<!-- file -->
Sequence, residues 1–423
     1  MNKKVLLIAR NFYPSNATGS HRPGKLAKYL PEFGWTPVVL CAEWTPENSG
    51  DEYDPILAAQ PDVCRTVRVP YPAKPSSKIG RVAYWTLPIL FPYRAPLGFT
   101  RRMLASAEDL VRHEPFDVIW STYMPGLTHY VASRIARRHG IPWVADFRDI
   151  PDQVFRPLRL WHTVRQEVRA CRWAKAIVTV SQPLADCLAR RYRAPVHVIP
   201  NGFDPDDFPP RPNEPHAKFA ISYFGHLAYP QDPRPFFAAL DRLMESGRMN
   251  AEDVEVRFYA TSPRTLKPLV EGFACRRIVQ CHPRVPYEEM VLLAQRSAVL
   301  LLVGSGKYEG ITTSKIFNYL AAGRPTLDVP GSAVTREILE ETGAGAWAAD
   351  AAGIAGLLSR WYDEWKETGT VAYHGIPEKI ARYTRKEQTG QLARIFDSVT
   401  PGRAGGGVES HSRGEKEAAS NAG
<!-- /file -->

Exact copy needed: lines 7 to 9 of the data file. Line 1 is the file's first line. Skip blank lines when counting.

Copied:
   251  AEDVEVRFYA TSPRTLKPLV EGFACRRIVQ CHPRVPYEEM VLLAQRSAVL
   301  LLVGSGKYEG ITTSKIFNYL AAGRPTLDVP GSAVTREILE ETGAGAWAAD
   351  AAGIAGLLSR WYDEWKETGT VAYHGIPEKI ARYTRKEQTG QLARIFDSVT